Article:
Commercial fishing has just been banned in an area of the Arctic covering nearly one million square miles — about the size of the Mediterranean.
The Guardian reports that per the Central Arctic Ocean agreement signed in Greenland last Wednesday, commercial fishing will be prohibited for at least the next 16 years. While no companies currently fish there, rising global temperatures have melted areas previously covered in ice, allowing for ships to traverse the area. The U.S., Russia, Canada, Norway, Denmark, Iceland, Japan, South Korea, China, and the EU have all agreed to the commercial fishing ban.
Areas of the Arctic that were once frozen over by thick layers of ice are melting at a rapid rate, driven by warmer temperatures brought on by climate change. According to a report released last month, Arctic sea ice has reached its annual seasonal minimum, tying with 2008 and 2010 for the sixth-lowest minimum over a period of 40 years. The report notes that the 12 lowest extents have all occurred in the last 12 years.
Many speculate that the fast-melting Arctic ice will catch the interests of commercial fishing fleets in the coming years, as overfishing, along with illegal fishing, has led to the decline of global fish stocks. More than half of the world’s oxygen supply comes from the ocean and without healthy, thriving ecosystems, living creatures on both land and sea are in danger.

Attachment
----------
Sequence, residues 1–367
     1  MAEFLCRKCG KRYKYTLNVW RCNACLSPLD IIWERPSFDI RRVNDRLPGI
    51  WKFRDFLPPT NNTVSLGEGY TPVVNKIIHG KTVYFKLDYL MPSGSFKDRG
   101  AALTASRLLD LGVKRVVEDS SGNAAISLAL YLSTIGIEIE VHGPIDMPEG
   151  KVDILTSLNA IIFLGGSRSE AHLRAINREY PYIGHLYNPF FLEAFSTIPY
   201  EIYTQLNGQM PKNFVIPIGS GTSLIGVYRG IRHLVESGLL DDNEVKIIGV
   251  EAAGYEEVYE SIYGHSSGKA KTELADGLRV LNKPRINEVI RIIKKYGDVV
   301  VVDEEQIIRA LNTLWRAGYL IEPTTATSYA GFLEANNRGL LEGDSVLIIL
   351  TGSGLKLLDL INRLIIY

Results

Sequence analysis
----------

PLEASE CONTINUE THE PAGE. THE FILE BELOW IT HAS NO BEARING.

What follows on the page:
Last June, a study published in the journal Aquatic Conservation posited that urgent protections to the world’s oceans are needed in order to combat climate change. Researchers found that overfishing and global warming are the key drivers in declining fish populations and despite an understanding that stronger regulations are needed, marine protected areas account for less than 2 percent of the oceans.
Many emerging brands are aiming to provide a solution to the demand for seafood, overfishing, and climate change with innovative plant-based foods. New York City-based startup Good Catch Foods, is creating high-protein, omega-3 rich vegan tuna fish developed by plant-based chefs Derek and Chad Sarno.
Ocean Hugger Foods, which is also based in the city, makes plant-based tuna that can stand in for traditional cuts used in sushi and sashimi. Terramino Foods is making fish-free salmon burgers from koji, a fungus used in traditional Japanese cuisine to ferment soy sauce and rice wine.
“As new open waters emerge at the top of the world, international leaders have agreed that it would be risky and unwise to allow commercial fisheries to operate in the Arctic before scientists have established a baseline for monitoring the health of the region’s marine ecosystem” said Steve Ganey, senior director for the land and oceans programs at the Pew Charitable Trust. “By using science-based measures to guide decision-making, the agreement will go a long way toward conserving this unique environment.”
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